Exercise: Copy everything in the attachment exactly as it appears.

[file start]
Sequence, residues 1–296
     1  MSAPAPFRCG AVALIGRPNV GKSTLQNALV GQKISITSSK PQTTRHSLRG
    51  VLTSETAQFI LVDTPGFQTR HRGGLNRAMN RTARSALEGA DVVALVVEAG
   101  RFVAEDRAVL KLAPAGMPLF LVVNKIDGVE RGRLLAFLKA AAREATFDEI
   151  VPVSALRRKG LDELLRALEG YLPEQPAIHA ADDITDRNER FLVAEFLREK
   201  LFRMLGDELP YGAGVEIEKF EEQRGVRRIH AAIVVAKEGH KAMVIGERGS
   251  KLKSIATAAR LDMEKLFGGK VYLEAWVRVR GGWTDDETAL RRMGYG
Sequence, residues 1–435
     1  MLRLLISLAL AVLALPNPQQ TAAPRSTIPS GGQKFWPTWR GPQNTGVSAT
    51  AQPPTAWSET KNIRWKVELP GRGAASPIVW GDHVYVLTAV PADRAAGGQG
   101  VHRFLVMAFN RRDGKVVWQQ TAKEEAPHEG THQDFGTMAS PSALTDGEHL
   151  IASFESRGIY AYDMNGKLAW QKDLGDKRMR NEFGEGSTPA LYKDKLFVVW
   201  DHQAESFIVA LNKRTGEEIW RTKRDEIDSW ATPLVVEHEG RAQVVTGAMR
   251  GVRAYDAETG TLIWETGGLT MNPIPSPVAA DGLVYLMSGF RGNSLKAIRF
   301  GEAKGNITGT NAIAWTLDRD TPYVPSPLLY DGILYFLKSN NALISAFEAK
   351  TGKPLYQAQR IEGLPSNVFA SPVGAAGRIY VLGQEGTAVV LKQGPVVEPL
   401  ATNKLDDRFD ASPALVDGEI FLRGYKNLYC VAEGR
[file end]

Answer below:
Sequence, residues 1–296
     1  MSAPAPFRCG AVALIGRPNV GKSTLQNALV GQKISITSSK PQTTRHSLRG
    51  VLTSETAQFI LVDTPGFQTR HRGGLNRAMN RTARSALEGA DVVALVVEAG
   101  RFVAEDRAVL KLAPAGMPLF LVVNKIDGVE RGRLLAFLKA AAREATFDEI
   151  VPVSALRRKG LDELLRALEG YLPEQPAIHA ADDITDRNER FLVAEFLREK
   201  LFRMLGDELP YGAGVEIEKF EEQRGVRRIH AAIVVAKEGH KAMVIGERGS
   251  KLKSIATAAR LDMEKLFGGK VYLEAWVRVR GGWTDDETAL RRMGYG
Sequence, residues 1–435
     1  MLRLLISLAL AVLALPNPQQ TAAPRSTIPS GGQKFWPTWR GPQNTGVSAT
    51  AQPPTAWSET KNIRWKVELP GRGAASPIVW GDHVYVLTAV PADRAAGGQG
   101  VHRFLVMAFN RRDGKVVWQQ TAKEEAPHEG THQDFGTMAS PSALTDGEHL
   151  IASFESRGIY AYDMNGKLAW QKDLGDKRMR NEFGEGSTPA LYKDKLFVVW
   201  DHQAESFIVA LNKRTGEEIW RTKRDEIDSW ATPLVVEHEG RAQVVTGAMR
   251  GVRAYDAETG TLIWETGGLT MNPIPSPVAA DGLVYLMSGF RGNSLKAIRF
   301  GEAKGNITGT NAIAWTLDRD TPYVPSPLLY DGILYFLKSN NALISAFEAK
   351  TGKPLYQAQR IEGLPSNVFA SPVGAAGRIY VLGQEGTAVV LKQGPVVEPL
   401  ATNKLDDRFD ASPALVDGEI FLRGYKNLYC VAEGR